According to The Atlantic,
The King Street Patriots, as they called themselves, started by scrutinizing voter rolls, ostensibly to weed out ineligible voters, dead people, and duplicate entries. However, because the activists focused on addresses with six or more registered voters, poor people and minorities tended to attract the most scrutiny. What’s more, critics charged that the group sometimes based its challenges on technicalities, and they picked up on occasional hints of racial animus. One early promotional video reportedly included a photo of an African American protester carrying a placard that had been doctored to read I only got to vote once!
Aside from purge list activism, there are reports that True the Vote has engaged in voter intimidation and intends to continue that practice.
A recent Editorial in the New York Times observed:
This is how voter intimidation worked in 1966: White teenagers in Americus, Ga., harassed black citizens in line to vote, and the police refused to intervene. Black plantation workers in Mississippi had to vote in plantation stores, overseen by their bosses. Black voters in Choctaw County, Ala., had to hand their ballots directly to white election officials for inspection.
This is how it works today: In an ostensible hunt for voter fraud, a Tea Party group, True the Vote, descends on a largely minority precinct and combs the registration records for the slightest misspelling or address error. It uses this information to challenge voters at the polls, and though almost every challenge is baseless, the arguments and delays frustrate those in line and reduce turnout.”
True the Vote is most widely known for its advocacy of restrictive photo voter ID laws. But while that might garner headlines, the group’s real focus is on policing the act of voting itself. As Ouren declared during the group’s national summit in April, and repeated again in Boca Raton, his recruits’ job is chiefly to make voters feel like they’re “driving and seeing the police following you.” He aims to recruit one million poll watchers around the country.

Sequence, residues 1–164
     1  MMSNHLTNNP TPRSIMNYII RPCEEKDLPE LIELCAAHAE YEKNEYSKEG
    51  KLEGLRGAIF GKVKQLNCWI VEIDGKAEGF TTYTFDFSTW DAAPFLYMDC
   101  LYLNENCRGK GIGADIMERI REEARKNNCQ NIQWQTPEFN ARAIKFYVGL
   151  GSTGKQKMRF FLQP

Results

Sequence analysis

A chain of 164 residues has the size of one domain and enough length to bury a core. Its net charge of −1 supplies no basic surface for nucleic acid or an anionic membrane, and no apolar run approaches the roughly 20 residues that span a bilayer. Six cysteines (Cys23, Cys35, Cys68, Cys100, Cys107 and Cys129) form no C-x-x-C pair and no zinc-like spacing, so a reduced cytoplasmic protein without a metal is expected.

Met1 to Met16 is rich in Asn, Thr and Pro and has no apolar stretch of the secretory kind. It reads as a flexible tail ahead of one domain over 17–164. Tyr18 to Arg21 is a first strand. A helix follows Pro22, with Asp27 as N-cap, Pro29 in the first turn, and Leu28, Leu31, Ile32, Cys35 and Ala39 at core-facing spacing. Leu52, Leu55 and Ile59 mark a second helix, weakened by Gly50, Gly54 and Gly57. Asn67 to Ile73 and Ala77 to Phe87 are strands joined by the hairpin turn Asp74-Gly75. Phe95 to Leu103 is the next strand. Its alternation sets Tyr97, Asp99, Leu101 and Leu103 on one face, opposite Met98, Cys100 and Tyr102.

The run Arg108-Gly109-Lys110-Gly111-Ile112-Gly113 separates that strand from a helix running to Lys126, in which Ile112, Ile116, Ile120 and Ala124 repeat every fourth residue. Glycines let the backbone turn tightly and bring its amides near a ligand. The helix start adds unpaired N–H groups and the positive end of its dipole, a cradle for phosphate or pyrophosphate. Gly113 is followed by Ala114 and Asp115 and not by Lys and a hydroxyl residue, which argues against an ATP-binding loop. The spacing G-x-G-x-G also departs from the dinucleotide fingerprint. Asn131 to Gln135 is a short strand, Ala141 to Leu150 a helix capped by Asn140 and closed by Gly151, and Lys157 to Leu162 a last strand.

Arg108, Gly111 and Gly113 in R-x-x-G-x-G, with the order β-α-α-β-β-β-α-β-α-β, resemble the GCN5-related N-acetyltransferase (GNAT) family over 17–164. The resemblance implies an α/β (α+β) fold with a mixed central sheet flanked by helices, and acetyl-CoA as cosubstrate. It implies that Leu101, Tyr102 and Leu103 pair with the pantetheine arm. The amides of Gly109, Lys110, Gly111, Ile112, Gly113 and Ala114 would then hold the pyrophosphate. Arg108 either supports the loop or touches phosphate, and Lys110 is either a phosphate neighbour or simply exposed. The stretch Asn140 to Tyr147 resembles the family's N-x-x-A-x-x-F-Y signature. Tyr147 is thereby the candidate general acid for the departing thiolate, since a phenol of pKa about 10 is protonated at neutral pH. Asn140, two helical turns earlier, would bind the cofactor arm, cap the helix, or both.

Even if we take True The Vote’s desire to “make voters feel like they’re ‘driving and seeing the police following you’ as merely a colorful way of expressing a desire protect election integrity, their methods resulted in a perception of intimidation by voters during the Wisconsin recall election.
Back in August NBC reported on the atmosphere that True The Vote’s version of poll watching produced:
As Jamila Gatlin waited in line at a northside Milwaukee elementary school gym to cast her ballot June 5 in the proposed recall of Wisconsin Gov. Scott Walker, she noticed three people in the back of the room. They were watching, taking notes.
Officially called “election observers,” they were white. Gatlin, and almost everyone in line, was black.
Jamie Gaitlin told NBC, “That’s pretty harassing right there, if you ask me,” Gatlin said in the hall outside the gym. “Why do we have to be watched while we vote?”
There are far too many “coincidences” in True To Vote’s methods to lend credibility to True To Vote’s claims that this is about maintaining election integrity. These coincidences happen to target the same groups as Voter ID laws disproportionately affect in an adverse way. Moreover, the groups of people also are more likely to vote Democrat.
True to Vote’s methods of poll watching result in voters feeling intimidated perhaps because their methods are reminiscent of those used back in the day.
Image from Colorlines